A Jesuit university in San Francisco that identifies social responsibility and service as its core values has become the target of civil rights protesters who accuse the school of failing in that mission. At issue is the University of San Francisco's decision to evict - and possibly sever ties with - a civil rights era college-prep program called Upward Bound that has served low-income high school students on campus since 1966. About 180 students participate in its tutoring, summer school, and college readiness programs.
Dozens of people who had been living at a former Vallejo auto dealership were displaced Thursday, a day after one of its buildings went up in flames. "Nobody has a clue. Nobody seems to care," said Christine Hofmann, a 53-year-old homeless woman who had been living at the former Bill Lang Cadillac dealership for a year and a half. Officials and the dealership's occupants estimate at least 50 people lived at the facility at Sonoma Boulevard and Yolano Drive, largely in the complex's easternmost building. The dealership's large, westernmost building was the one that burned Wednesday afternoon and was still smoldering a full 24 hours later.
Customers of the Ross Valley Sanitary District could see their rates rise an average of 80 percent if a proposal by the district's general manager to hire 11 new employees is approved by the district's board. If the plan is adopted, residents in the Ross Valley will see their annual service charge increase about 74 percent from $520 to $904 while Larkspur residents would see their annual charge jump nearly 91 percent from $592 to $1,130.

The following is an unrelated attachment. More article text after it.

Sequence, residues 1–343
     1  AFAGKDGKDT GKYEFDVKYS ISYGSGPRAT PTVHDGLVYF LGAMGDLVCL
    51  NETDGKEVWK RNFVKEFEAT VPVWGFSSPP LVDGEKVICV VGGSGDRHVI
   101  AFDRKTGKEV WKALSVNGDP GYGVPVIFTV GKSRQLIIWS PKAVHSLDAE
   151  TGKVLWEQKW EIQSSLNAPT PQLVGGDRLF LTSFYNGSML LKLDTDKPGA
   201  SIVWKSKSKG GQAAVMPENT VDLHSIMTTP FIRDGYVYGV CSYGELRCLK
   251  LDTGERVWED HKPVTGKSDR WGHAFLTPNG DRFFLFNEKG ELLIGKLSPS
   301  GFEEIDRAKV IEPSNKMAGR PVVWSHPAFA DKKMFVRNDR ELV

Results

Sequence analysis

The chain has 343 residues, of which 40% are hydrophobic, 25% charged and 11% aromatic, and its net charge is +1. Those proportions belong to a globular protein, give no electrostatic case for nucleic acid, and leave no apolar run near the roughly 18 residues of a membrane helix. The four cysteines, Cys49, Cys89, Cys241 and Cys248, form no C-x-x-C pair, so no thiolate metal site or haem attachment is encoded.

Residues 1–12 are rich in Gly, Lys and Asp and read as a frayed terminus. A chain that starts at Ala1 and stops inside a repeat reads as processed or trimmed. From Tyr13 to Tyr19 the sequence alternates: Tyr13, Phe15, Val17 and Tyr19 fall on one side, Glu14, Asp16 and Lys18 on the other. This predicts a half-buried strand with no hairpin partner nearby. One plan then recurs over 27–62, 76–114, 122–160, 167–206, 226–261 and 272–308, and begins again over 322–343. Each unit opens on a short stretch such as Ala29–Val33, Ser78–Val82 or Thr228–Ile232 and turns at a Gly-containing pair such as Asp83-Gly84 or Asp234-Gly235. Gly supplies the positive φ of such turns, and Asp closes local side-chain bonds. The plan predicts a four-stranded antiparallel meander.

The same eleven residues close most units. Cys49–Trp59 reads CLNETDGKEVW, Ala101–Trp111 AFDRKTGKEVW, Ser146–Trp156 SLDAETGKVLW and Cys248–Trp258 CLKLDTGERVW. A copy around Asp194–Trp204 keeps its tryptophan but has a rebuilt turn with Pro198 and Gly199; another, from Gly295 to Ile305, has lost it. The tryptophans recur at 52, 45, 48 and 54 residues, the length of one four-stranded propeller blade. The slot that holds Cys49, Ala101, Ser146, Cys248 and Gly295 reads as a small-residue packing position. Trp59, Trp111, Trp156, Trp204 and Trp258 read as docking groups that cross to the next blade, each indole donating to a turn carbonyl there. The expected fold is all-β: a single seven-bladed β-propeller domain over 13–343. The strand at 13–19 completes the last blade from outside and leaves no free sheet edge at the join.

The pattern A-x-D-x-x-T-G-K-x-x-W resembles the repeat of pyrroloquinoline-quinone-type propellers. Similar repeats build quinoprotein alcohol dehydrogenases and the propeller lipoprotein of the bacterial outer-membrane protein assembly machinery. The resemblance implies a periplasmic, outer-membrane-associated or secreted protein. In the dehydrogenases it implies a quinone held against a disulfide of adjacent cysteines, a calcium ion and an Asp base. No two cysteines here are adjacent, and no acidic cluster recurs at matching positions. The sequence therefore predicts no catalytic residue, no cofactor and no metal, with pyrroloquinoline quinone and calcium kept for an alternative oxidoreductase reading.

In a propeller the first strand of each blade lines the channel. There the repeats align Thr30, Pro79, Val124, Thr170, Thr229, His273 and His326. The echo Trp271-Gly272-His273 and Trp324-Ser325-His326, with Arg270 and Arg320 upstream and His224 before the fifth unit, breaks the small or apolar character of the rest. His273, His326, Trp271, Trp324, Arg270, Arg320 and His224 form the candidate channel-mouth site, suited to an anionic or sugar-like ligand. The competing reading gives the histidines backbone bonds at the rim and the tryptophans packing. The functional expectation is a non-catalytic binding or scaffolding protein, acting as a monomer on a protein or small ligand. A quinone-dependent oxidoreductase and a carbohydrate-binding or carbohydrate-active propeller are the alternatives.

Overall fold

Armed with an electrifying proposal from two wealthy California power brokers, Sacramento made a bid Thursday to keep the NBA in the city. Southern California supermarket tycoon Ronald Burkle, in partnership with well-connected Sacramento lobbyist and developer Darius Anderson, emerged as last-minute potential saviors of the NBA in Sacramento. The duo said they would lead a group that could purchase the Kings – or buy another team for the city should the Kings move to Anaheim.